In her letter to Durbin and other lawmakers, Fong said her office will seek to determine whether the USDA did the following: complied with federal public transparency requirements; made information about its preliminary analysis on worker safety clearly accessible to the public during the comment period; adhered to the department’s own data quality guidelines; came to a reasonable determination about the reliability of OSHA injury data; and consulted with OSHA and the National Institute for Occupational Safety and Health as it developed the rule.
The inquiry is expected to be complete by the end of the year, an inspector general spokeswoman said.
On Tuesday, the House of Representatives passed a 2020 appropriations bill that provides funding for USDA. However, the bill also requires that the Inspector General perform a more extensive data review before any funds are used for the new inspection system.
That requirement, proposed by Rep. Rosa L. DeLauro (D-Conn.), would also include an examination of USDA data the department used to conclude that pork produced under the new system would be as safe as pork produced at plants using the traditional inspection system. It would also examine data USDA used to conclude the increased line speeds would not impact animal welfare. DeLauro called the proposed rule a “giveaway to large corporate meatpackers.”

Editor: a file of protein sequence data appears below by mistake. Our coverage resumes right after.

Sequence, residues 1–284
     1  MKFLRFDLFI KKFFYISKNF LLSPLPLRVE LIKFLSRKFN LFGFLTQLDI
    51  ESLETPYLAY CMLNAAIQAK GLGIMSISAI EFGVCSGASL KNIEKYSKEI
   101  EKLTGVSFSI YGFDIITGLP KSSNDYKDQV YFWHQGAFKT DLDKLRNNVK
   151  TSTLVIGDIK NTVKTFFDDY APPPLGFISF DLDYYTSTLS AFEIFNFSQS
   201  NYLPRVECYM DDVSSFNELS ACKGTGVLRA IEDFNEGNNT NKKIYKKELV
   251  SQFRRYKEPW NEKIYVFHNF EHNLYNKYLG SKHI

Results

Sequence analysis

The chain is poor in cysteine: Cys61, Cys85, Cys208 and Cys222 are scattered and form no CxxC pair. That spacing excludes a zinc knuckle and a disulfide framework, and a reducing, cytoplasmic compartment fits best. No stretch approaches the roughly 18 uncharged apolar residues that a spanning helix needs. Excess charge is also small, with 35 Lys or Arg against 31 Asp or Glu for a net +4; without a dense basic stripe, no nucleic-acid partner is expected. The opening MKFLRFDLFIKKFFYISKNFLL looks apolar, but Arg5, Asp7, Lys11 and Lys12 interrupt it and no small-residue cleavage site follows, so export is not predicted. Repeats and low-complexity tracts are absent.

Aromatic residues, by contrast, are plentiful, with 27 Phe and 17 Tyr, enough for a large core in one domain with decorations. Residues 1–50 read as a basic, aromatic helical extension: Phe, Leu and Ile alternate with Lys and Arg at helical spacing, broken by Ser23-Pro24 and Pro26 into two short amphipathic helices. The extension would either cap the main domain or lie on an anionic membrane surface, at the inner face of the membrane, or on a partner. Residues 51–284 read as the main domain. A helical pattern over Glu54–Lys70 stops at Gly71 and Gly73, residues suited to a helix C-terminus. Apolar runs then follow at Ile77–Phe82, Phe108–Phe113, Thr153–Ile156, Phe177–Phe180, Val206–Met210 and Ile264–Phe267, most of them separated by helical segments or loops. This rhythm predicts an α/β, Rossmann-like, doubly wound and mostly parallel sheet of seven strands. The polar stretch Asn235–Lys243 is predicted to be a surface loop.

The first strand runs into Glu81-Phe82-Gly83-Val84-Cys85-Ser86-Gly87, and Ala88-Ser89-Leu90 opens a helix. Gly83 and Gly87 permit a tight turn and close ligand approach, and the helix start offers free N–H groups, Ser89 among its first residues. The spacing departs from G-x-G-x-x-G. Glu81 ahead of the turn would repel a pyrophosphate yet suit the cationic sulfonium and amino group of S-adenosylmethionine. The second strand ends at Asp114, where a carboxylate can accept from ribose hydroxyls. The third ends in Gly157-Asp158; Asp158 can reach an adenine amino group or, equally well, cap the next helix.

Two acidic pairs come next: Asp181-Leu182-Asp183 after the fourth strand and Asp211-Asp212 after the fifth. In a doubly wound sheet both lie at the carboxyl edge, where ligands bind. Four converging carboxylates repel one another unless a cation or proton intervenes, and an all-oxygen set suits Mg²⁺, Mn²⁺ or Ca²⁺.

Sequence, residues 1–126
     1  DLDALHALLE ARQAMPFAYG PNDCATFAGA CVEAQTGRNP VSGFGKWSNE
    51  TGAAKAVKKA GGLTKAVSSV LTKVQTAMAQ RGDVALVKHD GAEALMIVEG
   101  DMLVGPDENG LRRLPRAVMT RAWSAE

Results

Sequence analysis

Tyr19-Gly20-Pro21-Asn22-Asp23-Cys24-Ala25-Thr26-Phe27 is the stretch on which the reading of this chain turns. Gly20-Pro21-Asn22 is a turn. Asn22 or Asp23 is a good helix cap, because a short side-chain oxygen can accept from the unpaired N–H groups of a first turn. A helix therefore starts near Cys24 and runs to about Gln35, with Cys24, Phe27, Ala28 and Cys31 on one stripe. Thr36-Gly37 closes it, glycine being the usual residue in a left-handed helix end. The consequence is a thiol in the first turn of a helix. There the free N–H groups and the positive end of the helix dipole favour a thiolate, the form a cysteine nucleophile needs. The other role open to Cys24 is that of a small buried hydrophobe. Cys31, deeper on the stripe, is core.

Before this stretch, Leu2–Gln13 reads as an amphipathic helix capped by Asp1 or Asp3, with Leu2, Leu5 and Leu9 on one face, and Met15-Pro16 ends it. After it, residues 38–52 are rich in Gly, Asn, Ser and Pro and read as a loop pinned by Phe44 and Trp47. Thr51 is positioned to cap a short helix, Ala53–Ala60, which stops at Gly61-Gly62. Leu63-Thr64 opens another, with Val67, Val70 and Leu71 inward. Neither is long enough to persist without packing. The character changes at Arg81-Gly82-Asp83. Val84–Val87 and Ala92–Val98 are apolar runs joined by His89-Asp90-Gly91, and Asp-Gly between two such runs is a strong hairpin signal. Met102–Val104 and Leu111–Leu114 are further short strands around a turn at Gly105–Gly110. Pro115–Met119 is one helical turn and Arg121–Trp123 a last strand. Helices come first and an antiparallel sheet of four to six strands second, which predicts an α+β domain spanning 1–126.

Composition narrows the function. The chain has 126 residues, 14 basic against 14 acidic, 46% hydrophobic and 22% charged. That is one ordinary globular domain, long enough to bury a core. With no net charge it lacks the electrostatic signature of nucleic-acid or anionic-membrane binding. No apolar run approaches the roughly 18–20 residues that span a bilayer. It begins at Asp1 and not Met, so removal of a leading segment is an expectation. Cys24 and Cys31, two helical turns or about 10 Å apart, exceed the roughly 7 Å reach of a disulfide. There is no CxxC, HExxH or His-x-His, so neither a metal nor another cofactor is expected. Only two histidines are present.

In response to the inspector general’s probe, DeLauro said it is “an important first step toward ensuring the swine inspection rule changes are based on sound science by opening an investigation into the department’s use of flawed worker safety data. However, the OIG must expand their investigation to encompass all data USDA used to develop the proposed rule — as would be required by a provision I included in this year’s USDA funding bill.”
In an earlier statement, the North American Meat Institute, an industry group that supports the proposal, said: “This rule is founded on years of sound scientific data and experience. NAMI supports risk-based, science-driven food safety systems. Consumers deserve no less.”
Andrew Ba Tran contributed to this report.